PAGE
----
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Turn to this Broadway musical for your basketball fix during lockout


For those of you desperately missing basketball during the NBA lockout, an antidote to your hoop pangs is on the way -- a musical comedy about basketball will open for previews on Broadway on Nov. 12. It's called Lysistrata Jones and is based on the original Lysistrata, which, of course, was written by Aristophanes back in 411 BC.

His famous, enduring plot had to do with the women of Greece -- led by the peace-loving Lysistrata, who gets the ladies to band together and refuse all their sexual favors to their lovers until the macho men finally end the interminable Pelopponesian War.

The new and improved 21st century Lysistrata is hardly so high-minded, involving as it does the dreadful basketball team at one Athens University, which has a losing streak of Pelopponesian War proportions. But, ta-da, led by a cheerleader named Lissie Jones, the girlfriends of the basketball players -- you can see where this is going -- will only play zone defense until the woebegone Athens team finally wins a game. In a nice Greek touch, Syracuse is on the schedule. Do you think the streak might end against ...? Oh, nooo.

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Actually, there has long been a dispute about whether sex harms or benefits the athlete. Boxers, in particular, used to be chastely sequestered in rural hideaways before big bouts to remove them from all temptations of the flesh. Nowadays, however, the consensus seems to be that amour before athletic action is a healthy pursuit. But, then, there would go the plot.

In all events, it's tough to produce sports plays, because -- unlike in movies -- it's so hard to act out games in the contained space of a stage. It's especially unpredictable if you try to start throwing around balls. Boxing is the easiest sport to portray, and, in fact, Broadway's most acclaimed sports drama was The Great White Hope, which won both a Tony and a Pulitzer. The best sports musical was about baseball -- Damn Yankees -- but it was heavy on Gwen Verdun's dancing legs and light on players' arms. In fact, given the limits that the stage puts on any real action, it's not surprising that two of the best sports plays -- The Changing Room and Take Me Out -- were set mostly in locker rooms.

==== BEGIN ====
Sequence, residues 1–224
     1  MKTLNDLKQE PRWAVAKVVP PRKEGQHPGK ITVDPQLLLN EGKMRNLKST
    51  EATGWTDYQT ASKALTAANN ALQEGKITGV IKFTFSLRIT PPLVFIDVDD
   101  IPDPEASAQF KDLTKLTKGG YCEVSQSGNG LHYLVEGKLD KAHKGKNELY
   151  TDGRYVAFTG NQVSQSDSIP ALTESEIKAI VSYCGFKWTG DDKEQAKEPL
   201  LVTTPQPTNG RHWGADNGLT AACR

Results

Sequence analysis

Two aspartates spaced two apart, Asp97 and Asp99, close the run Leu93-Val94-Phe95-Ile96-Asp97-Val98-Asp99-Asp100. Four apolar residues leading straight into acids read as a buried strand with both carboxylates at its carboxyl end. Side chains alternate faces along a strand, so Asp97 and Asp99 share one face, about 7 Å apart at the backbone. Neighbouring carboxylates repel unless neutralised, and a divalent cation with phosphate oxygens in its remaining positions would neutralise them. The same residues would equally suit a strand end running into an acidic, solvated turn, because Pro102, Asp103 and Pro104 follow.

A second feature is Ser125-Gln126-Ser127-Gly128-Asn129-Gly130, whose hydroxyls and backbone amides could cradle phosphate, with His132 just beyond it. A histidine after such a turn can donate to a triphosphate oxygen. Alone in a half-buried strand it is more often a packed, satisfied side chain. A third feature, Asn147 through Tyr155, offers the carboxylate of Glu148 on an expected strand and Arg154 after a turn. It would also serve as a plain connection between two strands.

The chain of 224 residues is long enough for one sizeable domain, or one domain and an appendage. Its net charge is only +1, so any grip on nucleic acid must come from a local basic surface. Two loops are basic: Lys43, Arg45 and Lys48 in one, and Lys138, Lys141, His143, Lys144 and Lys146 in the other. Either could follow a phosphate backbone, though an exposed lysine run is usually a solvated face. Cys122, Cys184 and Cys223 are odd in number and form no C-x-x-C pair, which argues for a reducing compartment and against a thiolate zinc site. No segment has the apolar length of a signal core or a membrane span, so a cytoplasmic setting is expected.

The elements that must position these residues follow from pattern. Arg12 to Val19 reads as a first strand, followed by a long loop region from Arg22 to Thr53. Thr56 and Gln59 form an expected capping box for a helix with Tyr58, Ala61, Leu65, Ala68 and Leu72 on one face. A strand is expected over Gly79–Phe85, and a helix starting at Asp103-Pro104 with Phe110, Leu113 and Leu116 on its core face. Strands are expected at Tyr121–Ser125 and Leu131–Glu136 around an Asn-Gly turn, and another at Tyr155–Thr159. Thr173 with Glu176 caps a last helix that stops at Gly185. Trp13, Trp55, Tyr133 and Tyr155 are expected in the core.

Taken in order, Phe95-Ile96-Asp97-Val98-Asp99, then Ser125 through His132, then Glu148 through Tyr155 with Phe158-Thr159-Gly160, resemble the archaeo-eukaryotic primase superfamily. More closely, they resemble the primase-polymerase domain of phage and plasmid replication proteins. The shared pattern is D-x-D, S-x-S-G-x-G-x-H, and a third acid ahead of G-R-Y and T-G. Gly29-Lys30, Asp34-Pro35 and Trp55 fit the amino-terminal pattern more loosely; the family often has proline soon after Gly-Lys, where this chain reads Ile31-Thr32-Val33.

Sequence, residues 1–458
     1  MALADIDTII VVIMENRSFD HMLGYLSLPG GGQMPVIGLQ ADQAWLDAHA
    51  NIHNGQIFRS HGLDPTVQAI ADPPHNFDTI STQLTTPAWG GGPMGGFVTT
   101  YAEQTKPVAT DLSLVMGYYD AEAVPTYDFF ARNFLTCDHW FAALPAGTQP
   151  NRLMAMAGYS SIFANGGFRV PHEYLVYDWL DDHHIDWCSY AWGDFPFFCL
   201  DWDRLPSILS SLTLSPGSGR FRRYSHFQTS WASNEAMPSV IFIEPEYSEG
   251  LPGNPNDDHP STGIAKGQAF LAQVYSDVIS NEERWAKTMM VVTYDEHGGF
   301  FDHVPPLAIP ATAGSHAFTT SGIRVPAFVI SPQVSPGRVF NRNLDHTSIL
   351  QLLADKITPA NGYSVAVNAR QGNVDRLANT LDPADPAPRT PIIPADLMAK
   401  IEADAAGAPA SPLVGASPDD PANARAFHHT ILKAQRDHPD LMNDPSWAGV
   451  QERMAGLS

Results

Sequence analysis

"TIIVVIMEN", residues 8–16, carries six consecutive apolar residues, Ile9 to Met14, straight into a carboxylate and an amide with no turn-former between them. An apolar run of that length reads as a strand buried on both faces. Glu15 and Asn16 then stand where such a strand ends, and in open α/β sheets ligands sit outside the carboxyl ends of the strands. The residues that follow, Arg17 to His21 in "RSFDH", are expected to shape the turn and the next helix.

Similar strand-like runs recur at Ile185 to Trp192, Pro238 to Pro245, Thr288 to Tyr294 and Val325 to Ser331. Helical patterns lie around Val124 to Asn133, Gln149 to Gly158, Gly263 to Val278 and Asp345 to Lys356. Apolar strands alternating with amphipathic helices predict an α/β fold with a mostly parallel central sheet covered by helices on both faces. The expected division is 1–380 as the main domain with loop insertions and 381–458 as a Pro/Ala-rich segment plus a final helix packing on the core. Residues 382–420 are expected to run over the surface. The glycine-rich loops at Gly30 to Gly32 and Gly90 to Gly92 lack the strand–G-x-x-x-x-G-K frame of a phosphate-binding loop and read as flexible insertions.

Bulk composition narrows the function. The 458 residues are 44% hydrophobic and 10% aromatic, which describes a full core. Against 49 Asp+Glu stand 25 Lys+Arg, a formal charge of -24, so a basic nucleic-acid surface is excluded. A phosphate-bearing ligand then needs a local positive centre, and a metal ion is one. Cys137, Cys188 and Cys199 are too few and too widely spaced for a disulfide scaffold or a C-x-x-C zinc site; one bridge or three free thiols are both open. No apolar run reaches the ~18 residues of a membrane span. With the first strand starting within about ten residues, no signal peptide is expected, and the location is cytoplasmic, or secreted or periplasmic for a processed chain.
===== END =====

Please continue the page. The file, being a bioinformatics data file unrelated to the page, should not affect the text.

Lombardi, a play about the legendary Green Bay Packers coach, ran for 274 performances this past year, but it took place almost entirely in a living room, just talking about football. Lombardi was successful enough -- although it was certainly helped that the Packers won the Super Bowl -- so that the writer and director are now planning a play about the relationship between Magic Johnson and Larry Bird. That's a subject almost as shopworn as Lysistrata, but, what the hell, revivals are the mother's milk of the theater.

The last basketball hit on Broadway -- the only one? -- was That Championship Season, which was itself revived this past year. It is about a high school team's dispiriting middle-age reunion. That's a familiar device, too. Playwrights like to use failed athletes as the obvious examples of the promise of youth turned to ashes. Even our greatest, Tennessee Williams and Arthur Miller, did that: Brick in Cat On A Hot Tin Roof and Biff in Death of a Salesman. (You know they have to be athletes when they're a Brick or a Biff.)

But Lysistrata Jones actually dares show some real basketball action on stage -- and not just talk about it. In fact, the leading lady, Patti Murin, is required to make a layup. You can be sure that, if the musical succeeds, the critics will cry "swish." They'd holler "slam dunk" except that Ms. Murin is only 5-feet-4.